Business Giving Strategies

Business Giving Strategies

A company’s decision on how much to give to charity can be influenced by its annual profit levels, long-term strategic giving goals, business priorities, and a host of other factors. Some companies target a specific percentage of their pre-tax profits to donate to charity each year, others do not.

Cash Contribution Options

  • Direct cash donation 
    A direct cash grant is the most common type of contribution. A company can deduct charitable grants from corporate taxes up to 10 percent of pre-tax net profits. In addition, there are several techniques you can use to increase the impact of a small charitable giving budget while encouraging giving from other sources, including employees.
  • Employee matching gifts 
    Matching gifts programs are an easy way for a business to support the organizations and causes that are important to your employees. When an employee makes a donation to his/her favorite charity, the company matches that donation dollar for dollar, up to a specified limit in a calendar year.
  • Dollars for doers 
    If your employees are active volunteers, one way to reward their efforts is through a dollars-for-doers program. This giving program makes cash grants to organizations where employees volunteer a certain amount of time.
  • Challenge grants 
    Challenge grants are a specific grantmaking strategy designed to leverage additional resources for a project or program. The company makes a grant on the condition that the recipient raises funds from other sources, usually within a certain time period.

Non-Cash Contribution Options

There are several ways your company can support causes and organizations in addition to cash grants. Offering non-cash giving options enables your company to better achieve its program goals and meet more community needs than can be met by cash giving options alone.

  • In-kind contributions/donations 
    Donations of goods and services can expand your company’s charitable giving. These contributions can consist of products, suppliers, property, or excess inventory. They can also include services such as printing, website development, and use of meeting rooms. In-kind gifts are tax-deductible within certain limits.
  • Loaned Talent 
    You may offer the time and expertise of employees, allowing them to help an organization on company time. Employee “loans” can be either for single events or projects, or on a regular, longer term basis. This type of contribution provides nonprofits with expertise to which they would not ordinarily have access and increases your employees’ leadership skills and understanding of community needs.
  • Employee engagement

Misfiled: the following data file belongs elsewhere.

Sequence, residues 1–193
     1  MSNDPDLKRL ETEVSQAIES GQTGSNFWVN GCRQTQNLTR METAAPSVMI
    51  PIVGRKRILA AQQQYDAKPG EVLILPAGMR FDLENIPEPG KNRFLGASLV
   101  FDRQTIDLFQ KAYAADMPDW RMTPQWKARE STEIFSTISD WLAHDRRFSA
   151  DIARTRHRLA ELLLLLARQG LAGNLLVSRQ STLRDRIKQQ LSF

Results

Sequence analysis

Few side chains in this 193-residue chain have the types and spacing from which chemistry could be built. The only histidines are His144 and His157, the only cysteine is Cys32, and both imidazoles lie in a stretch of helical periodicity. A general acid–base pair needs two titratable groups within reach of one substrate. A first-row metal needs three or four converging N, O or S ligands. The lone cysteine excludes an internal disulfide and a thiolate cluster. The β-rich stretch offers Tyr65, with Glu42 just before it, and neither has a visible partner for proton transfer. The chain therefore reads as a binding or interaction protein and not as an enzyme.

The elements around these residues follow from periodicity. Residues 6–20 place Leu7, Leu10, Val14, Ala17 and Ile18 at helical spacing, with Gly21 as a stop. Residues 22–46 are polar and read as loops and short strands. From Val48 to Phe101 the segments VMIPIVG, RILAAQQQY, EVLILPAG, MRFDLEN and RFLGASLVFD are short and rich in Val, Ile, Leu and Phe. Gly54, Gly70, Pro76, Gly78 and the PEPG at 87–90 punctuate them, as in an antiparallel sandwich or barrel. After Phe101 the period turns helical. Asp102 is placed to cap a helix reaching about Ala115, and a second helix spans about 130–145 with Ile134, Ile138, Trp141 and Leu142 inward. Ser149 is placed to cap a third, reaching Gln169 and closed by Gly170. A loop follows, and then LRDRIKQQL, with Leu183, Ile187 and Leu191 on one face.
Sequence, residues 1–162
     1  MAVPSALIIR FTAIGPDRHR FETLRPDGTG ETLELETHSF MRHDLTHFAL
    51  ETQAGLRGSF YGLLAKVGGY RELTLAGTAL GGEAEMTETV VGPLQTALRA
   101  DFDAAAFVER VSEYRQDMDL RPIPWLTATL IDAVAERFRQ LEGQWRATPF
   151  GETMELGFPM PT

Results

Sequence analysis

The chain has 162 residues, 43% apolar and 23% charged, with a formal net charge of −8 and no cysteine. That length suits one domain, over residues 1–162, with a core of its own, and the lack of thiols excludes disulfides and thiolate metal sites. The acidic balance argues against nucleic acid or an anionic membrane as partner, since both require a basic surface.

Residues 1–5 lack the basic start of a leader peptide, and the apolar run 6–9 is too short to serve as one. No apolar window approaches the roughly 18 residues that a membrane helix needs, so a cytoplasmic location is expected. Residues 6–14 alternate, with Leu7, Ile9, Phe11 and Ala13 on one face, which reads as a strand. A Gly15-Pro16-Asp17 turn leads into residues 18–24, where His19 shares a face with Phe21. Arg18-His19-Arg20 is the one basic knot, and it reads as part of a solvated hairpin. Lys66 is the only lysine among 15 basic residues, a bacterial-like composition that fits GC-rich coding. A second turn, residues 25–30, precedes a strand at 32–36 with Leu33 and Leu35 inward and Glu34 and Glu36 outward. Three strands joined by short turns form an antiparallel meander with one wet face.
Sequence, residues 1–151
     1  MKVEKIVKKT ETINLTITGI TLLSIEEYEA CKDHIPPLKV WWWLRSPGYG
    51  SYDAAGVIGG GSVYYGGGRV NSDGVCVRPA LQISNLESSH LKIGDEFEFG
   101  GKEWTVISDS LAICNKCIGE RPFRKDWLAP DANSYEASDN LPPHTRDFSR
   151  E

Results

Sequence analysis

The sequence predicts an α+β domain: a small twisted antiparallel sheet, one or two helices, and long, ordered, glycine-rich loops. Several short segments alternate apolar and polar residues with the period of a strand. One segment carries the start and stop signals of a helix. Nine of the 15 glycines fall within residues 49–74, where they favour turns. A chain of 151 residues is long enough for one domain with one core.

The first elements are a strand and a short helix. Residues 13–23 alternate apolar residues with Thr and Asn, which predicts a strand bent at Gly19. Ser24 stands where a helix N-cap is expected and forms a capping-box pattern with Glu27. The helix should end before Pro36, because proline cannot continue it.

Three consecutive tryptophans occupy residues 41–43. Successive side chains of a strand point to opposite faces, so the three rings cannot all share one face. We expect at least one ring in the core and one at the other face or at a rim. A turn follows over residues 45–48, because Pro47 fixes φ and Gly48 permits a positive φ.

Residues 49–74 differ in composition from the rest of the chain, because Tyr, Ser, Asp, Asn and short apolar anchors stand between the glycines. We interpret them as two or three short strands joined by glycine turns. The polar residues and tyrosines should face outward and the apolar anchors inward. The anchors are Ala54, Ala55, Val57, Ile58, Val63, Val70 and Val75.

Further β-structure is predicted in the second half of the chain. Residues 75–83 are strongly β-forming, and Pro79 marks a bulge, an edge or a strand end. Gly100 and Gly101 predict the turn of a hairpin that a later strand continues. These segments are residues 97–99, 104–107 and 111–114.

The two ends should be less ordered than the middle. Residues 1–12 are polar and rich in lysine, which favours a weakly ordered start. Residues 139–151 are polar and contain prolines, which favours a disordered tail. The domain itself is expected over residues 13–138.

There are many ways to engage employees in workplace giving opportunities, ranging from the United Way and other campaigns, to sponsoring company teams in fundraising walks and runs, to encouraging employees to volunteer in a company-sponsored initiative. You may or may not decide to link employee volunteerism to the company’s business goals; many small companies simply encourage employees to volunteer in their own communities.
  • Publicly Traded Securities 
    You can transfer ownership of appreciated securities owned for at least one year to a charity and receive a deduction for the average value of the security on the day of transfer. When the security is sold by the nonprofit, neither the donor nor the organization will have to pay capital gains tax. You receive the benefit of having your gift valued at fair market value, including the appreciation, for the purpose of determining your charitable deduction.
  • In-Kind Gifts and Pro Bono 
    In addition to cash contributions, some companies donate their products (“in kind” gifts) or offer their services on a free (“pro bono”) basis to various charitable organizations. Many companies have products that can be used by nonprofits, including products from current inventory, obsolete merchandise, returned or slightly damaged goods, computers or office furniture and equipment. Nonprofits can also benefit from services provided by a company or its employees, such as printing, legal representation or publication design. A company’s charitable donation of its products can qualify for a charitable deduction. However, limitations exist on what and how much can be deducted. The rules are complicated and require careful prior analysis by corporate or outside counsel. The value of staff time donated to a nonprofit organization is non deductible, although out-of-pocket expenses such as gas, mileage, meals, etc. for such volunteer work may be deducted within certain limits.
  • Volunteer Time 
    In addition to giving dollars, one of the most important ways to help nonprofit organizations in your community is to give of your time. Nonprofit organizations are in great need of capable, committed volunteers, and your volunteer contributions can leverage the financial contributions you make to an organization.
  • Above information can be seen at

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